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UM Staff Help Train Next Generation of National Guard Leaders

Brig. Gen. Amos Parker (right center) recognizes Maj. Seth Davidson and members of the Ole Miss ROTC Cadet Corps for their coordination assistance. Photo courtesy of Mississippi National Guard

The University of Mississippi is nearly 5,000 miles from Estonia, but a group of Mississippi National Guard senior leaders gathered recently on the Oxford campus to focus for an afternoon on the tiny Baltic country that looms under the shadow of Russia.

The group, part of a new Guard leadership development program held July 12-13 at Ole Miss, were engaged in a national security simulation titled “Russian Attempt to Fracture NATO in Estonia.” The exercise, with about 50 Guard members participating, was conducted by the university’s Center for Intelligence and Security Studies, or CISS, which is part of the national Intelligence Community Centers of Academic Excellence program.

Besides the simulation, the attendees spent their two days on campus involved in a leadership development program that is designed by the Guard to develop military leaders for positions of greater responsibility in Mississippi.

“The Mississippi National Guard Lecture Series is a professional development program used to prepare leaders to serve at all levels of command and key staff positions,” said Brig. Gen. Amos Parker, Mississippi Army National Guard assistant adjutant general.

“The program introduces the challenges that leaders face at the national and state level, as well as in the joint, interagency, intergovernmental and multinational environments. The program (provides) opportunities to gain insights and a greater understanding of the volatile, uncertain, complex and ambiguous environment we face every day.

“Our primary focus for this event (was) to provide our leaders with an understanding of interagency processes in the development of national security policy and how these agencies assist the president in the formulation of national security policy.”

The Guard was hosted by the university’s ROTC program for the two-day event, which started with classes July 12 in the ROTC building. Later in the day, instructors and Guard members toured athletics facilities, including a tour of the football program’s facilities conducted by former Ole Miss football players Jordan Ta’amu and Dawson Knox.

The simulation was conducted the next day.

“This came about as a result of Days of Intrigue,” said Timothy Russell, CISS director, referencing the two-day intelligence simulation held each spring for UM students enrolled in the CISS program. “We invited colleagues from the Guard to observe, and they ended up inviting us to do something similar with them.”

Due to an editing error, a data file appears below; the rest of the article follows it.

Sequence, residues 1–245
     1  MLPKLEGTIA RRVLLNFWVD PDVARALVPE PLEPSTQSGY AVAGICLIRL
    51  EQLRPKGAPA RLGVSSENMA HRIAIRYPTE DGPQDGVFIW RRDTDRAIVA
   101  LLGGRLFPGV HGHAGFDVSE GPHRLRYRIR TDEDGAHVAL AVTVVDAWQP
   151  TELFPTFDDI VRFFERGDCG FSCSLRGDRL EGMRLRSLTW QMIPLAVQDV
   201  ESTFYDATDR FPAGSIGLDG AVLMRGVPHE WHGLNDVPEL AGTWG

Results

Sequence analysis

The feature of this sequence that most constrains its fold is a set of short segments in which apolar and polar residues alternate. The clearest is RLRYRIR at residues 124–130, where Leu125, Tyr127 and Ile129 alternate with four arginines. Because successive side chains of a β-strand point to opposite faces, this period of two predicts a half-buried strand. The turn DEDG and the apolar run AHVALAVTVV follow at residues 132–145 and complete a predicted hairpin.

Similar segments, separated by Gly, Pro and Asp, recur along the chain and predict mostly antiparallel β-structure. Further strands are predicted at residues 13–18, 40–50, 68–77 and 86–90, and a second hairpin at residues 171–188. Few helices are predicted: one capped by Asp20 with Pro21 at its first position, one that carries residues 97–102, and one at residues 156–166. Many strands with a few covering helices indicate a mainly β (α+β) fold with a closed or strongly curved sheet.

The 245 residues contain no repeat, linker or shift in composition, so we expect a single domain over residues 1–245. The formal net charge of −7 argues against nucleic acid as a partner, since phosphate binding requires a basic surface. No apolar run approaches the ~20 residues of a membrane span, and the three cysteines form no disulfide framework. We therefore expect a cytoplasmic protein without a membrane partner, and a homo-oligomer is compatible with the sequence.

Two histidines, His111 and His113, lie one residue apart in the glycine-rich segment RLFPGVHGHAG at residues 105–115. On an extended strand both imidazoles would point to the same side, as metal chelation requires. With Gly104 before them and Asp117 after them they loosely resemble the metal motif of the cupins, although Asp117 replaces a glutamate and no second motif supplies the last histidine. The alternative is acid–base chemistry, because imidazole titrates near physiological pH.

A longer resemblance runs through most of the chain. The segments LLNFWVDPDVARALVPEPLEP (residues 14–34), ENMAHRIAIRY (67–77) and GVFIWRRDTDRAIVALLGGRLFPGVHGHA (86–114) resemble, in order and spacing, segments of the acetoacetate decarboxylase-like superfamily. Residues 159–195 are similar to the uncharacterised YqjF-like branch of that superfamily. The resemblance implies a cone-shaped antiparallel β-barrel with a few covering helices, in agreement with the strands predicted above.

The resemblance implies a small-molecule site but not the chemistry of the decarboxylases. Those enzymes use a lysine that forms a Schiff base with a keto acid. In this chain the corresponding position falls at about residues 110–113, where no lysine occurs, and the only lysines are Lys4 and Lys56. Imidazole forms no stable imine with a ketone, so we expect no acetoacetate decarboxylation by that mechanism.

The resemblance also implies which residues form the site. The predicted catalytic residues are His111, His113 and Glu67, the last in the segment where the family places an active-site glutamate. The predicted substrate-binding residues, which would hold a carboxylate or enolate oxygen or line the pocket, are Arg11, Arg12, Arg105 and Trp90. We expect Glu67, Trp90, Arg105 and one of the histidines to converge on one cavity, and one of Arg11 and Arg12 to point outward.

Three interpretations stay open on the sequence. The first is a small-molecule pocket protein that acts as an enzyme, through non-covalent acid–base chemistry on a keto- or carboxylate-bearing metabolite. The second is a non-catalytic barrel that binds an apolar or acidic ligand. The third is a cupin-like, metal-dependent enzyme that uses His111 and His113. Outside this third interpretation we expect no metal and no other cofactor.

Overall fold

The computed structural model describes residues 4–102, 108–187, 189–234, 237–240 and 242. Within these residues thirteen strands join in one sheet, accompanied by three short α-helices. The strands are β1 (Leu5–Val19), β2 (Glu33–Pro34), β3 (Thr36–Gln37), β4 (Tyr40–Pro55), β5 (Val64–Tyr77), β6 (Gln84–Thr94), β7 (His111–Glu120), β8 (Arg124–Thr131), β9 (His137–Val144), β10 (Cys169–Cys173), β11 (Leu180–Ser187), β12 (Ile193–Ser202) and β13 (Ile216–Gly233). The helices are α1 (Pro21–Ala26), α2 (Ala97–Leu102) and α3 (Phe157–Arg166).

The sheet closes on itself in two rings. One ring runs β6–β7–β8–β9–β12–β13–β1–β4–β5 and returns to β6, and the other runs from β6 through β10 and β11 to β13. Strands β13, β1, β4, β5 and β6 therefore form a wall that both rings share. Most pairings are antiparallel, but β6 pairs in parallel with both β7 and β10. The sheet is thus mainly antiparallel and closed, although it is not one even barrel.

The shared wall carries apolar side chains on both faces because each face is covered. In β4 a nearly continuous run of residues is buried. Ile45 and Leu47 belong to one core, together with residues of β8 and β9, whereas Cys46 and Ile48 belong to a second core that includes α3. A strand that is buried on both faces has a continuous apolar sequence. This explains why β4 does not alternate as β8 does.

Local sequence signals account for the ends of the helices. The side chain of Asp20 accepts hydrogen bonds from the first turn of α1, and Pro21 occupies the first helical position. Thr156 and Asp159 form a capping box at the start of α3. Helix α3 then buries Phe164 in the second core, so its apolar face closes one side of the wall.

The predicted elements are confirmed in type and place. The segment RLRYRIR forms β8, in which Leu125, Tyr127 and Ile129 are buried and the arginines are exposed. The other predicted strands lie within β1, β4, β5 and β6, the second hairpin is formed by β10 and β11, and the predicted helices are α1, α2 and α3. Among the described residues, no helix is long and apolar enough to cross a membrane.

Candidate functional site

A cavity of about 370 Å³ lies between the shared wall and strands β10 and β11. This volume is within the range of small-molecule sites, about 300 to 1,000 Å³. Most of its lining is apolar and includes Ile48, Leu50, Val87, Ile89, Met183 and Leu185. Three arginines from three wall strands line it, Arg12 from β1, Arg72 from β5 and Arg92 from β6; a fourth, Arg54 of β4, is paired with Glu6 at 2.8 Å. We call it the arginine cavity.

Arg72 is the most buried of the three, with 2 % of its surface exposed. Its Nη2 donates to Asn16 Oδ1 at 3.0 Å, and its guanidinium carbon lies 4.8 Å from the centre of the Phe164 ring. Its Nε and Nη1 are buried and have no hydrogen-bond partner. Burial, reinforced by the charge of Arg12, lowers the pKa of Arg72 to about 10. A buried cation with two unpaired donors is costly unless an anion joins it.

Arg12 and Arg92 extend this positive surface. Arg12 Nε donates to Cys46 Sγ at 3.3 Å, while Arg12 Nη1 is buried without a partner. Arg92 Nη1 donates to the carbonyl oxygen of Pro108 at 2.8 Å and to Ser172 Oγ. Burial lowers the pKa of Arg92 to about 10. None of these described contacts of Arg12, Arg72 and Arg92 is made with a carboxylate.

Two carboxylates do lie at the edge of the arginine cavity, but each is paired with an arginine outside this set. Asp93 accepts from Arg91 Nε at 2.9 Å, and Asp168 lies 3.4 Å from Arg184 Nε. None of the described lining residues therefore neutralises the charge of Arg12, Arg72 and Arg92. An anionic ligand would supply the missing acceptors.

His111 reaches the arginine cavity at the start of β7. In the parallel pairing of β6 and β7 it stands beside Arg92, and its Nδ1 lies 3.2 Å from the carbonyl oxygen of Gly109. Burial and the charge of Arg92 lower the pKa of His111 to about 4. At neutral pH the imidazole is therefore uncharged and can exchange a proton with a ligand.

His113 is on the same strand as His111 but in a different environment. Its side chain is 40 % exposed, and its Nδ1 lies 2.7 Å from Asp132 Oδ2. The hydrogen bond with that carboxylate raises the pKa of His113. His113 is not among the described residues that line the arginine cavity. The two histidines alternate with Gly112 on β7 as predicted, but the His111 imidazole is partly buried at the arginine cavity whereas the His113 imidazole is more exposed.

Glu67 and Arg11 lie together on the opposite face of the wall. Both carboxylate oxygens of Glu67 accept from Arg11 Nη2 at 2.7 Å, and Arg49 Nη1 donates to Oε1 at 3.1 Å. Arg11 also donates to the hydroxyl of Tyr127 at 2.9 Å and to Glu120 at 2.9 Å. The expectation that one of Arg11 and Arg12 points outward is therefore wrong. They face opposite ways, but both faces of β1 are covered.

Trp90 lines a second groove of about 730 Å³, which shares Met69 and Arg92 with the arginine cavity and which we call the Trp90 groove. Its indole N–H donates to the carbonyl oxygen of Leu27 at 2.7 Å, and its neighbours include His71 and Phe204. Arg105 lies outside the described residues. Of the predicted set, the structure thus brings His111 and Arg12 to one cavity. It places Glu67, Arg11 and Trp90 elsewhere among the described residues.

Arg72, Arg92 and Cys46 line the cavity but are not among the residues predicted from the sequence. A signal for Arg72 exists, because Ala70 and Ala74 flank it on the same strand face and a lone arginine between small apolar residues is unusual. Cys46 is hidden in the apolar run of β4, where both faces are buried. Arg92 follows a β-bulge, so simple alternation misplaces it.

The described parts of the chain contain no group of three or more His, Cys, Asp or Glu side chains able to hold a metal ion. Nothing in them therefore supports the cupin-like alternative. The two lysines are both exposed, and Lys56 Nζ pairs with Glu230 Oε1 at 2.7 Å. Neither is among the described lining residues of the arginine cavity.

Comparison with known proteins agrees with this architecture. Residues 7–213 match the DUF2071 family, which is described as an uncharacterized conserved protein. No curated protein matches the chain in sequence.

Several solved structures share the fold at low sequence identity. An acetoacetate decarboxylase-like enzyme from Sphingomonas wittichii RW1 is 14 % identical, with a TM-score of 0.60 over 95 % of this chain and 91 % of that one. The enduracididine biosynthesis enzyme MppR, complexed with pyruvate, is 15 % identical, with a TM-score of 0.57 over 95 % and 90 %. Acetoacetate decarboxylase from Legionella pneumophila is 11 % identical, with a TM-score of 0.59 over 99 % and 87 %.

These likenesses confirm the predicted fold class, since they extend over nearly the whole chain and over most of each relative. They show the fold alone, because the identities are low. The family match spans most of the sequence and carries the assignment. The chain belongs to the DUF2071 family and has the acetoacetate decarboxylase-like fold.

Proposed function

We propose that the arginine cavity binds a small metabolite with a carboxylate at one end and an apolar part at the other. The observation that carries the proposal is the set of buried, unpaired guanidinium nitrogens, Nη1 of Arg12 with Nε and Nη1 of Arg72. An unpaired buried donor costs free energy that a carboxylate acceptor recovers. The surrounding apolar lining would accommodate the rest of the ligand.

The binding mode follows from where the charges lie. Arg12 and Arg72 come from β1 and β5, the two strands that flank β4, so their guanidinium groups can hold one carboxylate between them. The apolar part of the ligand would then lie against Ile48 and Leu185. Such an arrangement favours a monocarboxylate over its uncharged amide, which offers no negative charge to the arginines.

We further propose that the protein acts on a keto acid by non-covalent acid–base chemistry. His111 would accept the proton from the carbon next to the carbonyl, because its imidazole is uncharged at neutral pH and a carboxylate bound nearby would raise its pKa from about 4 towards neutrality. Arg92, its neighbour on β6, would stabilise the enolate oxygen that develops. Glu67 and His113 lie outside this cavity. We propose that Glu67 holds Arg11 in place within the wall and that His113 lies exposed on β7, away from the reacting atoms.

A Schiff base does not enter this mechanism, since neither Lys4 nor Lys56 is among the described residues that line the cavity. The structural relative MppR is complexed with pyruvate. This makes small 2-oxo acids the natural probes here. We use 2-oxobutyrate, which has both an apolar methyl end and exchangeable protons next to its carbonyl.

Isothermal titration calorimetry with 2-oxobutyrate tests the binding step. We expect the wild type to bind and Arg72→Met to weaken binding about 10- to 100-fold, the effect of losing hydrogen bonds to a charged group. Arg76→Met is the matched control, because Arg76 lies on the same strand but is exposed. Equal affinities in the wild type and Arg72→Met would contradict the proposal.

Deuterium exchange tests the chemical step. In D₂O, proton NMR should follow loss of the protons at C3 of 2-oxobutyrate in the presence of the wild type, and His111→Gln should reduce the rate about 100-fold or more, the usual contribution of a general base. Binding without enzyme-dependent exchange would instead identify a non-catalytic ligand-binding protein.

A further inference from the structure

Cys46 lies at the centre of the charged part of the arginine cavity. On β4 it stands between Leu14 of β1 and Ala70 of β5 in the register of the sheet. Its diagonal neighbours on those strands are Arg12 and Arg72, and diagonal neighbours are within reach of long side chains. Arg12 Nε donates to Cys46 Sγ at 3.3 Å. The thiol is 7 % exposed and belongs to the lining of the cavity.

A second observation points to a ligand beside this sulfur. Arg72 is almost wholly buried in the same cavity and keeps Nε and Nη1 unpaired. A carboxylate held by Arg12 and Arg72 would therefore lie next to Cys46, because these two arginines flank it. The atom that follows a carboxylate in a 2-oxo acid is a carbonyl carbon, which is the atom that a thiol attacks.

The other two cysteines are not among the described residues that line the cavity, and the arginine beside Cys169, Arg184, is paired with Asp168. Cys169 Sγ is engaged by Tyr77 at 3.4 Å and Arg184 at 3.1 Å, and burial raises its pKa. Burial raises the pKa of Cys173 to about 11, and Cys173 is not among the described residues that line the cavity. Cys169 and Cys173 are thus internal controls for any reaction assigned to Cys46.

On the morning of the exercise, the attendees were educated on the various U.S. intelligence community agencies by CISS staff before the simulation started. After a brief history lesson on Estonia and its relations with Russia, the senior leaders were given a mock conflict, including rising tensions between Estonia and Russia, a collision between a Russian fighter jet and an Estonian airliner, and fears of further Russian aggression against Estonia, a NATO member since 2004.

The participants were expected to develop a draft approach to the situation that would provide policy options to the U.S. National Security Council.

Some of the questions the Guard members considered included how to de-escalate the situation while also planning to successfully deter or defeat Russian aggression, whom to engage internationally and for what, and what were the biggest concerns arising from the simulated conflict.

“The purpose of the simulation and event overall was to prepare Mississippi National Guard leaders for senior-level education opportunities … and to lead at the enterprise level,” said Ken Pope, an instructor at the CISS, which was founded in 2008.

“We accomplished this by providing an understanding of the various interagency departments and agencies; how those agencies operate and work with one another; and exercising critical thinking skills in a national security simulation that required the participants to assume the role of an interagency working group.”

The Estonia and Russia scenario was chosen due to its complexity and the difficulty surrounding such a national security challenge, Pope said.

“We designed the event and simulation specifically to place the participants in the role of an interagency working group tasked to develop an approach to address a complex national security crisis,” he said. “The participants at this stage of their careers have focused primarily on tactical and operational problems. Very few have had exposure to strategic level or interagency level organizations.”

The participants were Mississippi Army and Air National Guard field-grade officers, warrant officers and senior noncommissioned officers preparing for professional military education opportunities and senior leader command and staff positions.

“The Mississippi National Guard senior leadership knows the importance of mentoring and training our next generation of leaders,” said retired Col. Chris Scott, future operations program manager with the Mississippi National Guard. “The (Guard) partnered with the University of Mississippi and the Center of Intelligence and Security Studies to enhance our professional military education of national security and interagency processes.

“This partnership is important to the development of our officers, warrant officers and noncommissioned officers. We look forward to future training opportunities.”

By Shea Stewart

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